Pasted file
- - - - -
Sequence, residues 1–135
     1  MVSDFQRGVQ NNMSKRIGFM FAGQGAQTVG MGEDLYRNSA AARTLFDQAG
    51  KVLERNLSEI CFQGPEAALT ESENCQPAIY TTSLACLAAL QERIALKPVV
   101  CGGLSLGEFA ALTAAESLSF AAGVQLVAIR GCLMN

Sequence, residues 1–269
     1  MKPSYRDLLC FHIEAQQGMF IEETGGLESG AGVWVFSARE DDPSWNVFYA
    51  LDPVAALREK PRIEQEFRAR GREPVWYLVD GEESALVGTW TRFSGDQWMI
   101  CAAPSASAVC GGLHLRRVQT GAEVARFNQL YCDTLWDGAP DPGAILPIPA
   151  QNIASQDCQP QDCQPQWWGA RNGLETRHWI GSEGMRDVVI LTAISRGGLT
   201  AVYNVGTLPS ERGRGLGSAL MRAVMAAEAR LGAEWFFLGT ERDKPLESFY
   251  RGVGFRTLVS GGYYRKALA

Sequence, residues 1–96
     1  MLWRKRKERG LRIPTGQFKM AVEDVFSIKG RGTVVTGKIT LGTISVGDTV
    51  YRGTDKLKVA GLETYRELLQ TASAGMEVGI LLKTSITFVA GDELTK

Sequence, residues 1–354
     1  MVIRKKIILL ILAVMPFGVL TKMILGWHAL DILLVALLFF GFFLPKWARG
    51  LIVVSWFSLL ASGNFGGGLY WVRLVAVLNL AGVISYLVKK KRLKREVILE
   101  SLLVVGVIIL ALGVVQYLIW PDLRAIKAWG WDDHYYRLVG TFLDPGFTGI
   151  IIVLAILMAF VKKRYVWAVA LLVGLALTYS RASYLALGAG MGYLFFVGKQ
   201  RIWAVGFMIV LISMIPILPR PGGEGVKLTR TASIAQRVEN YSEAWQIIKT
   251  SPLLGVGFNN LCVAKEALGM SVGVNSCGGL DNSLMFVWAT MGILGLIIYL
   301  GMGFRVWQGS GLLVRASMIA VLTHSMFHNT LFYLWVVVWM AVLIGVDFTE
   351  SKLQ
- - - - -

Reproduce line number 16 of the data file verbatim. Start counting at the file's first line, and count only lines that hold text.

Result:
     1  MVIRKKIILL ILAVMPFGVL TKMILGWHAL DILLVALLFF GFFLPKWARG